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FLIR Systems ThermaCAM P65 infrared cameras used for bovine thermography to keep stock bulls in form

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According to FLIR Systems Australia , infrared cameras from FLIR Systems are being used in bovine thermography applications by cattle breeders.

Infrared thermography is increasingly being used in veterinary medicine with applications including equine thermography and inspection of zoo animals to detect inflammation or follow up gestation.

Infrared thermography can also be used to preserve other valuable animal assets such as livestock breeding.

FLIR Systems recently sponsored a relevant research project involving bovine thermography among Fleckvieh bulls.

The second largest cattle breed in the world, Fleckvieh animals are a sturdy breed, well suited for abundant milk and beef production and originating from the Bavarian pre-alpine region.

Trading and exporting semen of the prized Fleckvieh bulls is an established business, requiring efficient medical inspection of the animals.

Christoph Gschoederer at the Fachhochschule Weihenstephan, a subsidiary of the Munich University of Applied Sciences and a renowned school for agricultural, food and brewing science presented a study proving the economic plausibility of thermographic inspections of cattle.

The survey was conducted at the artificial insemination centre and breed station at Grub in Munich, a modern facility supported by Fleckvieh breeders from the southern Bavarian region and by the rising export figures of its Fleckvieh genetics to large agricultural markets in Eastern Europe, the Americas, and southern Africa.

Infrared cameras can be used to conduct useful examinations of livestock including:

  • Time-saving and safe body temperature measurement 
  • Early detection of inflammation at the animal’s extremities 
  • Easy inspection of testicles function 
  • Easy inspection of udder health 
  • Heat control 
  • Mobile inspection of young bulls prior to their purchase at the cattle market 
  • Monitoring of waiting bulls in quarantine 
Veterinary thermography gives a clear indication of any anomaly in the animal’s body. Infection or injury activates the animal’s natural resistance mechanism, which is marked by a movement of energy throughout the tissue, manifested through higher blood flow and reflected in the surface temperature.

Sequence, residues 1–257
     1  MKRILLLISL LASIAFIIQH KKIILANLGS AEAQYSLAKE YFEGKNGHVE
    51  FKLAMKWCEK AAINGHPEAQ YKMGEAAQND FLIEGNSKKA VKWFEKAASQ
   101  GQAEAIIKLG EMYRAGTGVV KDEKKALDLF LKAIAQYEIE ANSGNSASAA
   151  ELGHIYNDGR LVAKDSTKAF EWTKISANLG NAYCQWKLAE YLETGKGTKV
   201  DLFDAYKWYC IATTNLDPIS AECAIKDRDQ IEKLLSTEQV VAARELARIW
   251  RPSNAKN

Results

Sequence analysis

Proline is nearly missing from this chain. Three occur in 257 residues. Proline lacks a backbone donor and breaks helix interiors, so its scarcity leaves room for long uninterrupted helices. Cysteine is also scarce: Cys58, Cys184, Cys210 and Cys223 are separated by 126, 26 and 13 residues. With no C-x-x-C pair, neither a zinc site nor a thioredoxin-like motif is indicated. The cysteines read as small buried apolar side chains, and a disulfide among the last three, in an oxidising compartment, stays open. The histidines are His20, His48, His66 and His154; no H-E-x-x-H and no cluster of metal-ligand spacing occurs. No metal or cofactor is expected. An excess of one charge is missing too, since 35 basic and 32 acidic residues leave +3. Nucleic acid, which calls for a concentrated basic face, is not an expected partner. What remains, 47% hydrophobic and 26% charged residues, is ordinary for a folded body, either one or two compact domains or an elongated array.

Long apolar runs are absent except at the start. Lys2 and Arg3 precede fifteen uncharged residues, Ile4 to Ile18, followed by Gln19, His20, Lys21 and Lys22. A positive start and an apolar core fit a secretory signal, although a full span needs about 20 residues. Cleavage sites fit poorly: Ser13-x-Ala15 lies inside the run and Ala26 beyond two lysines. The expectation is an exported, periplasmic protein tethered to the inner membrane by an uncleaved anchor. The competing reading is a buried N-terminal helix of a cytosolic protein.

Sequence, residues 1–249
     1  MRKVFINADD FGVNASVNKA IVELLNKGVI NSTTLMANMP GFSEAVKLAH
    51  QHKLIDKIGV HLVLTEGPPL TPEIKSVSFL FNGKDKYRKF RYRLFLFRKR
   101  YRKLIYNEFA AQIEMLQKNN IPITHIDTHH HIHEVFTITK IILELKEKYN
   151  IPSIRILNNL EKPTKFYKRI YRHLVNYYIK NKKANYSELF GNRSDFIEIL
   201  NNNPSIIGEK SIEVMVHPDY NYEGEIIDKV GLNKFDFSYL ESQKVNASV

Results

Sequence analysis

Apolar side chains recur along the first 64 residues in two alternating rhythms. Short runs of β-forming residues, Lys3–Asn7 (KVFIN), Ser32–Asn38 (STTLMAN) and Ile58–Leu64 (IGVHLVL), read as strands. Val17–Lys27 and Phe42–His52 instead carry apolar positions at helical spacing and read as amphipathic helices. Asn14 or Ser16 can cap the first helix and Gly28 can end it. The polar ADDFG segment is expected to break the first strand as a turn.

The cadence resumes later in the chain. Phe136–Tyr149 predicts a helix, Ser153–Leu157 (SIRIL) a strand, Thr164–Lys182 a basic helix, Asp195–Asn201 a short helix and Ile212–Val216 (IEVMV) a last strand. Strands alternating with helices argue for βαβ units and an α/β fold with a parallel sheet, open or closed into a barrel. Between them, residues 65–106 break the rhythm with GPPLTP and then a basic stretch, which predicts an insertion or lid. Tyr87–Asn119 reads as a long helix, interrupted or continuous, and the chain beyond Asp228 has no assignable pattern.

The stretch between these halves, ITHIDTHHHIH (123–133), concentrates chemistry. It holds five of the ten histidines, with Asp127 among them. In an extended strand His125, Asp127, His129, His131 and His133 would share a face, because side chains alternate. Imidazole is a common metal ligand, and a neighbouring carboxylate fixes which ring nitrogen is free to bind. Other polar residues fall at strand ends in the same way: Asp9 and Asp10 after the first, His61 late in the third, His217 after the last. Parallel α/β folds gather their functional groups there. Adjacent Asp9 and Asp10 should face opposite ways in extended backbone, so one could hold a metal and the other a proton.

Veterinary thermography can also trace oedemas as pathologically cool zones on the body surface. In addition to tissue damage, the infrared camera can detect overload on certain joints, indicated by higher surface temperature caused by the impact on the blood flow.

Infrared thermography is also used for preventive hoof care as healthy hooves are a prerequisite to successful livestock breeding. Calculations show that bull lameness in a milk cow stable can add up to 300 Euros per case. Preventive action is required to avoid economic losses caused by lameness.

Gschoederer’s project was based on a regular inspection of 50 bulls with a FLIR Systems ThermaCAM P65 infrared camera.

Impressed by the accuracy and imaging capabilities of the ThermaCAM P65, Gschoederer comments that the high-end infrared camera offers high resolution, accuracy of 0.1ºC, a large screen and several user options.

While thermography does not give an exact diagnosis, it can detect bulls or cows with anomalies for further clinical veterinary examination.

Infrared thermography offers convincing results for inflammation diagnosis in veterinary medicine. Additionally, infrared cameras employ a contactless, stress-free and safe technique to scan the animals.

Dr Thomas Grupp, general manager of Bavarian Fleckvieh Genetics sees great potential for infrared thermography technology at their insemination centre as well as for their dairy herds as a powerful preventive method against digital dermatitis and other livestock diseases, which badly affect production.

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